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A pastry chef is someone who is schooled and skilled in the creation of pastries, desserts, bread, and other baked goods. Compared to bakers, pastry chefs produce on a smaller and per-order basis, rather than large volumes.
As a pastry chef, you will create recipes, often from scratch. These recipes require a high level of creativity and extensive experience in the pastry field. Since pastry recipes require accuracy, you must write concise measurements and detailed instructions. In addition, the pastry chef is responsible for ensuring that every ingredient and food item is fresh and ready to use.
Pastry chefs are responsible for overseeing the pastry team and for performing administrative duties within the kitchen. In smaller kitchens, the pastry chef handles all the preparatory work. In a larger kitchen, the pastry assistant or pastry cook handles these duties. Other responsibilities include taking ingredient inventory, monitoring equipment, and managing pastry department staff.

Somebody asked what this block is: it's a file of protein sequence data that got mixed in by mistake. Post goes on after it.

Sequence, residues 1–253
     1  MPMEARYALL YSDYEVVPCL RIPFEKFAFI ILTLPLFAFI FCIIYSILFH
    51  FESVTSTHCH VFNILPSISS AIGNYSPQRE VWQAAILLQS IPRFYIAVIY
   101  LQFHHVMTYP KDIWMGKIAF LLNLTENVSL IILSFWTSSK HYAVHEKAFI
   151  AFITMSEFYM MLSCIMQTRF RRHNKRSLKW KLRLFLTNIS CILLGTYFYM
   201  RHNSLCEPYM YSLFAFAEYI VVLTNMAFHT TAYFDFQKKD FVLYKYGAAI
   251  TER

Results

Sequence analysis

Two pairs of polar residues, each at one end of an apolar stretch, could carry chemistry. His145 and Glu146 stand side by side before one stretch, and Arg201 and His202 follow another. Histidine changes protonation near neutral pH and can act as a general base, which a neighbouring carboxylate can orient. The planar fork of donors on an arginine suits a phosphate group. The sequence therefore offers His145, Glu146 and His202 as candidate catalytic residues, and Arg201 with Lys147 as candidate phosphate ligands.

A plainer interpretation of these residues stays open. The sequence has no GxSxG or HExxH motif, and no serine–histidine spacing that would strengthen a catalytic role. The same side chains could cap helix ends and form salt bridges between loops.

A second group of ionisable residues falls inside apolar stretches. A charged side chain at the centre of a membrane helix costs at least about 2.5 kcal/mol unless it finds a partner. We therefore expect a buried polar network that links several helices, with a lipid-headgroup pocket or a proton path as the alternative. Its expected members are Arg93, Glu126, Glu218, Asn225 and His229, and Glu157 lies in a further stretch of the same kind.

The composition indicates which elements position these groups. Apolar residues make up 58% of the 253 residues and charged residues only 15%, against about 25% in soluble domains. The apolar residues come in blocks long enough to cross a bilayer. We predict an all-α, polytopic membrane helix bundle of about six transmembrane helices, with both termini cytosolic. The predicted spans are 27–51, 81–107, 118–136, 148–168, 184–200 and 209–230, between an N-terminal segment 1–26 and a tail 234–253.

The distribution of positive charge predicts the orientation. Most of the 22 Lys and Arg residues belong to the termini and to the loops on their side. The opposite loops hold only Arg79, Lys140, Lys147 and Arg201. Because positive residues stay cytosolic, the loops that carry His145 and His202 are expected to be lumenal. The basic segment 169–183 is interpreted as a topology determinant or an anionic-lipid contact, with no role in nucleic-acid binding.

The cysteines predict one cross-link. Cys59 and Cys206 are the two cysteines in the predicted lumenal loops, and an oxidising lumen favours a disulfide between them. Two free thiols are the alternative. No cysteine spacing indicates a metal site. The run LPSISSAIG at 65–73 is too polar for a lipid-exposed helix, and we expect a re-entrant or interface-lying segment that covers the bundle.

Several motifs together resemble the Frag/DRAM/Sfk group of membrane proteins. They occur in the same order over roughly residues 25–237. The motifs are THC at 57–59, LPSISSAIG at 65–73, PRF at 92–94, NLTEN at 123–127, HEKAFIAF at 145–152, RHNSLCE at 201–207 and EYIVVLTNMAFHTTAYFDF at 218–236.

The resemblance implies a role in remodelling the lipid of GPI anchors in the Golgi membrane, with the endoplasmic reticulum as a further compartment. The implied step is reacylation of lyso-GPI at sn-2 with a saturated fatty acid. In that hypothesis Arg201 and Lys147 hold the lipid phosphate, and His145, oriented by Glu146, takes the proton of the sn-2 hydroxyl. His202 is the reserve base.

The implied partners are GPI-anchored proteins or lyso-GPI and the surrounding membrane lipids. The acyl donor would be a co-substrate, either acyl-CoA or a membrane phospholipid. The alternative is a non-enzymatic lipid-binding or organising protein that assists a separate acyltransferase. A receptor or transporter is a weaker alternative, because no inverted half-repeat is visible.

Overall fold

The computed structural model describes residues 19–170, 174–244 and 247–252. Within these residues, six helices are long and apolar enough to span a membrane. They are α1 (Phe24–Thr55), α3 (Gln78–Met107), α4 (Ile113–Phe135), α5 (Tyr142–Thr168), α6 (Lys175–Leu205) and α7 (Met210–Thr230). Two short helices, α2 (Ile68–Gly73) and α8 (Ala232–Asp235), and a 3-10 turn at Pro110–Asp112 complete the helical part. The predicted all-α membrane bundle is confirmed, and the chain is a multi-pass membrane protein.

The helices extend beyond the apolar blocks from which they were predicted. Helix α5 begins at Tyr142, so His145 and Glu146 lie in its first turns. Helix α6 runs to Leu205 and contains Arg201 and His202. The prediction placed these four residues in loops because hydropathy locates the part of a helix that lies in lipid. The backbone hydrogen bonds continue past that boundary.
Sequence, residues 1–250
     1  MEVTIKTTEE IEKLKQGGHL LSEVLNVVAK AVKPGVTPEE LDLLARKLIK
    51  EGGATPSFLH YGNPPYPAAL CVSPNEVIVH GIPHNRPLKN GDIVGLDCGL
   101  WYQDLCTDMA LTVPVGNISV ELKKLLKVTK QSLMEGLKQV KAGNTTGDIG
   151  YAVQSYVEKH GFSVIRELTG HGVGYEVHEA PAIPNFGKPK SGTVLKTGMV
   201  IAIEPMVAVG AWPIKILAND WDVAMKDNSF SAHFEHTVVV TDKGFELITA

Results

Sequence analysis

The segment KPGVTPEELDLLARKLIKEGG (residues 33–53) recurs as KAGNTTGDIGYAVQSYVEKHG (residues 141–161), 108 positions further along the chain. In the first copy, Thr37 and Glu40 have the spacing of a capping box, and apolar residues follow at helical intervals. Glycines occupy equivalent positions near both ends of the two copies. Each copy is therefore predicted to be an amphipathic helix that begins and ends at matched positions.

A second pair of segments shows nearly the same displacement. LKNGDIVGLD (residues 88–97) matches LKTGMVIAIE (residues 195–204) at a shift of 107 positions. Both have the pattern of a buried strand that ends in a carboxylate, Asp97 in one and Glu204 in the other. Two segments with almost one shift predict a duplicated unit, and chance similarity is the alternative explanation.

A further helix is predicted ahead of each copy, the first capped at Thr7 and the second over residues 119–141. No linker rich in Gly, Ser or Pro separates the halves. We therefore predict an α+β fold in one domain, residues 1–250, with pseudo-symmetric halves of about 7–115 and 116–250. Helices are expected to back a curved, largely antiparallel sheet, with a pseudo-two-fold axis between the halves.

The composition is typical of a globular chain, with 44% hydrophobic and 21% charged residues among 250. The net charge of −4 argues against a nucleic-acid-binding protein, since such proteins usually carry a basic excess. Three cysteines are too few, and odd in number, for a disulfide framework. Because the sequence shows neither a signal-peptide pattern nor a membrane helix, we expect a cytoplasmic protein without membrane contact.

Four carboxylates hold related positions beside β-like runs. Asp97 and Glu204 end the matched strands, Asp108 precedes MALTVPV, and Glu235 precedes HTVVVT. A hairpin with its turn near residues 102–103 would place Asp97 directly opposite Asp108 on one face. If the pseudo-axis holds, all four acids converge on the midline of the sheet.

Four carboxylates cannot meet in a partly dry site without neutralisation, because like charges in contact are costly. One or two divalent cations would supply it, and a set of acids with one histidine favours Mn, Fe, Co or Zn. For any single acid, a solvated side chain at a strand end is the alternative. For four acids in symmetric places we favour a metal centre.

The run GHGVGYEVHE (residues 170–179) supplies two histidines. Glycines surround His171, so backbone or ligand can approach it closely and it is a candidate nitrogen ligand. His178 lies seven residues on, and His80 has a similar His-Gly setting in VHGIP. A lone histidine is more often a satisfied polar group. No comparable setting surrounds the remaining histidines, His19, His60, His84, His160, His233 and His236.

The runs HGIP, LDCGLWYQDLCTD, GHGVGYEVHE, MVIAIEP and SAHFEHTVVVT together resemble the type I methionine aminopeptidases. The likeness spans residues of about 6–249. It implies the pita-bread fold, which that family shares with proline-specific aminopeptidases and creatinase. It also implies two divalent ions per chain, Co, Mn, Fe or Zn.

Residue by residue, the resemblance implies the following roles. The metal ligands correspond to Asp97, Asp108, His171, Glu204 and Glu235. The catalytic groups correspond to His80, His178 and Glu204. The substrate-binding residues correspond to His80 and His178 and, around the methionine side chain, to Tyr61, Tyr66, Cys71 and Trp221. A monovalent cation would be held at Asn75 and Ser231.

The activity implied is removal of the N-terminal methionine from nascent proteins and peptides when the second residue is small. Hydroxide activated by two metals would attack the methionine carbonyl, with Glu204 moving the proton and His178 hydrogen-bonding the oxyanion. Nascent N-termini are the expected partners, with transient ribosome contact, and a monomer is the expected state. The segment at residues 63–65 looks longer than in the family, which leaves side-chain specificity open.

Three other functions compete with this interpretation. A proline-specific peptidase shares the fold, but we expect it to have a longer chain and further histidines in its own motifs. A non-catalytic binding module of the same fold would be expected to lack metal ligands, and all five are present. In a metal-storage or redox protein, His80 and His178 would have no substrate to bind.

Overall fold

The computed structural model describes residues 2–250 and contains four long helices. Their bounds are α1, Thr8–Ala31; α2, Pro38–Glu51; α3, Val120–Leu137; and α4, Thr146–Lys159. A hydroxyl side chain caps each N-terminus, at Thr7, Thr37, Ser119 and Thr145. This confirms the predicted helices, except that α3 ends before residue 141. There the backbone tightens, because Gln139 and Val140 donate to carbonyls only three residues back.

Preparing pastries and desserts requires more precision, technical skill, and scientific knowledge than any other type of cooking. Many receive their pastry chef education and training on-the-job, through pastry-making apprenticeships or formal training at a culinary arts school.
Traditionally, most pastry chefs are employed in restaurants, where you will work closely with the executive chef to create recipes that complement the day’s savory items. Today, though, an increasing number of pastry chefs are venturing out on their own with upscale pastry shops or dessert-only eateries.
The Bureau of Labor Statistics reported that pastry chefs earned an average of $32,300 in 2021, with the top 10 percent averaging closer to $45,450.